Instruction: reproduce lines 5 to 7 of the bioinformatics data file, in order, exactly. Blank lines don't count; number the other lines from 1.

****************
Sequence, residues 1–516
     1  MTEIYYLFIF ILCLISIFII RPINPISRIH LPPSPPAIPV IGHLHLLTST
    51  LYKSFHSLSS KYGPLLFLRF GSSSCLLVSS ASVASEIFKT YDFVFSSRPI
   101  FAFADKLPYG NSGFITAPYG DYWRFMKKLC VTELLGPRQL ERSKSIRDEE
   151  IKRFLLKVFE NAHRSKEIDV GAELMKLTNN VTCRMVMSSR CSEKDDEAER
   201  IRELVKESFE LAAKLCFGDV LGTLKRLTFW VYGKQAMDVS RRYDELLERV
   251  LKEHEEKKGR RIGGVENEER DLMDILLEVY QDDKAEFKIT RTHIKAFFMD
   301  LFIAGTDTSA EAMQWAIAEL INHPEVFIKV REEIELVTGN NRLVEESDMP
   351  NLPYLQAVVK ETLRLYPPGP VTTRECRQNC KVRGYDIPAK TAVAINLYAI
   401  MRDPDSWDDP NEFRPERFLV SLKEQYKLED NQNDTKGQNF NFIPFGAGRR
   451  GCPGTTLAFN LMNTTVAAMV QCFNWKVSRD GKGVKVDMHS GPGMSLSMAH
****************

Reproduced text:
   151  IKRFLLKVFE NAHRSKEIDV GAELMKLTNN VTCRMVMSSR CSEKDDEAER
   201  IRELVKESFE LAAKLCFGDV LGTLKRLTFW VYGKQAMDVS RRYDELLERV
   251  LKEHEEKKGR RIGGVENEER DLMDILLEVY QDDKAEFKIT RTHIKAFFMD